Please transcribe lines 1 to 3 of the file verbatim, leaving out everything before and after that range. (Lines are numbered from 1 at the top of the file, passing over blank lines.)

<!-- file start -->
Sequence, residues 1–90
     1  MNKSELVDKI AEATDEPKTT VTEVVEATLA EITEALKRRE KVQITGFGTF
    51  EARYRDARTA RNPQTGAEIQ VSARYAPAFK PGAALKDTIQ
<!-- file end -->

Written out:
Sequence, residues 1–90
     1  MNKSELVDKI AEATDEPKTT VTEVVEATLA EITEALKRRE KVQITGFGTF
    51  EARYRDARTA RNPQTGAEIQ VSARYAPAFK PGAALKDTIQ